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Daniel and Damian Diaz, Amelia Poe and Trees Speak

click to enlarge Trees Speak: Repeated listens are handsomely rewarded.

Courtesy photo

Trees Speak: Repeated listens are handsomely rewarded.

It's always exciting when an artist who's been recording and performing over a span of years is now entering a new creative era, and is just beginning to peak. After a long stint with the solid, if unremarkable, goth/shoegaze band Blind Divine and the detailed ethereal refinement of the far more interesting Crystal Radio, internationally acclaimed visual artist Daniel Martin Diaz, along with partner/director Amelia Poe and their adult son Damian Diaz return with a new band, the almost-free form, self-consciously experimental rock band Trees Speak. The resulting self-titled album is seductively hypnotic and masterful in its focus.

Over 33 brief tracks, the reference points of Trees Speak are fairly obvious—the Krautrock of Can and NEU!, the Berlin-era avant-pop and ambient experiments of David Bowie and Brian Eno and even Miles Davis' Bitches Brew (which, like Can and Trees Speak, was basically composed in post-production, editing down long improvisational recordings into more coherent songs). There are also echoes of these acts' successors, like Stereolab and BEAK>. So yes, this album is a vanguard, boundary pushing work, if it was 1978 or so, not 2016.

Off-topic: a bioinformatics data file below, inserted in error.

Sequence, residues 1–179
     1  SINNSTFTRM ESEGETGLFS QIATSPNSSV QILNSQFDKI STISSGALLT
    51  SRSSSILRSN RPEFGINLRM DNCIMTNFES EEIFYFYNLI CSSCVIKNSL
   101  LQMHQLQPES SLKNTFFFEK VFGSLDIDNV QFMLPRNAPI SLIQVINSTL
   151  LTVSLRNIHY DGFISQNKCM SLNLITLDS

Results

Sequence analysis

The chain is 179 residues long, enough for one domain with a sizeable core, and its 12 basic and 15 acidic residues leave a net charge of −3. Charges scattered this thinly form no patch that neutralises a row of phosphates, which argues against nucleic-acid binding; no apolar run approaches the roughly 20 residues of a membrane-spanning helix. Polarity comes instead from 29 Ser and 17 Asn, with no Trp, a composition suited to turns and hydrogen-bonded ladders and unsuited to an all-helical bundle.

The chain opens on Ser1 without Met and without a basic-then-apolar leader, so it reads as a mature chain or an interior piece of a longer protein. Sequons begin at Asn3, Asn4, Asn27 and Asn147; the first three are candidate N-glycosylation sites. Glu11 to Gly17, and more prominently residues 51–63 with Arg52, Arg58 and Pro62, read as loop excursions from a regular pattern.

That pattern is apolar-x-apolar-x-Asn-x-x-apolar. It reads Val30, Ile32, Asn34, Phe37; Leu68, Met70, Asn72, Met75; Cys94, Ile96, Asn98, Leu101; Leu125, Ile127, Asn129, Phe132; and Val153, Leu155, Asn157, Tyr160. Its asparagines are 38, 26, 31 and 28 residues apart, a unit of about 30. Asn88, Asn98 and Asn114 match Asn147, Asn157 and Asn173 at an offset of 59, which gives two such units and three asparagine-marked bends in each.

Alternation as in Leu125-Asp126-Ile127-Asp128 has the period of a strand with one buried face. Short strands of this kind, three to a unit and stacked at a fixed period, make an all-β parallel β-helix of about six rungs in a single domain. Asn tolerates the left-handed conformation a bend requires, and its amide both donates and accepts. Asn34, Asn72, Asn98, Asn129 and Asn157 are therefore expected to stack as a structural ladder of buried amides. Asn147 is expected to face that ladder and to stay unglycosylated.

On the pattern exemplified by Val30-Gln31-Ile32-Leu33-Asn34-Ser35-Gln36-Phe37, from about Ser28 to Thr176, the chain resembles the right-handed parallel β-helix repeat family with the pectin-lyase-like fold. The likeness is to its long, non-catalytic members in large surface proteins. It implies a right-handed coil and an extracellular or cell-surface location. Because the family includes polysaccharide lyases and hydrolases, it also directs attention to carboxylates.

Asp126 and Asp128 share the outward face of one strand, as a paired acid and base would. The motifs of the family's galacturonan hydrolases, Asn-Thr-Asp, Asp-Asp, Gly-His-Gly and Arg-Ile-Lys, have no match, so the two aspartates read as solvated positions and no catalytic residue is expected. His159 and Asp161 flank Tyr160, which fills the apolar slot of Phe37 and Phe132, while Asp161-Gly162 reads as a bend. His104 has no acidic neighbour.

A year or two ago, I had an eye-opening conversation with a very talented young local musician—he was maybe 24 at the time. His point was that for his entire life, he'd been inundated with the idea that Krautrock, post-punk and other similar music was the alpha and omega of pop's cutting edge. And if so many artists have been using these subgenres as a reference point for three to four decades whenever seeking to break new ground creatively, then this stuff is not avant-garde or anything approaching it. It's mainstream. He was absolutely right—the music had become just another example of a kind of baby boomer cultural fascism.

But where does this leave Trees Speak? Well, it allows the band's record to be judged on the merits of its songs and performances and not whether or not it's creating a new genre. And that's just fine, because this band—which, judging from the credits listed online, has significantly more input from Damian Diaz than Blind Divine or Crystal Radio did—is compelling and distinctive.

Trees Speak is a long, long record, hovering around a two-hour running time. But repeated listens are handsomely rewarded; for all the droning squall of these mostly-instrumental tracks, the group's delivery is infused with a warm, inviting atmosphere and melodies that stick long after the songs end.

Three distinctive sections emerge in the album's sequencing—the first several songs are tethered by the signature motorik beat of NEU! with abrasive synths and a theremin providing layers of texture. The pace slows and the mood dampens during the sleepy, shoegaze-y middle section, while the conclusion of Trees Speak adds mournful, lonely space-rock—think Pink Floyd's Meddle—to the alternating ambient and noisy characteristics. In fact, this record unfolds gradually like one long piece, which considering its improvisational beginnings, seems appropriate and results in an intimate, womb-like atmosphere and an unforgettable listen.


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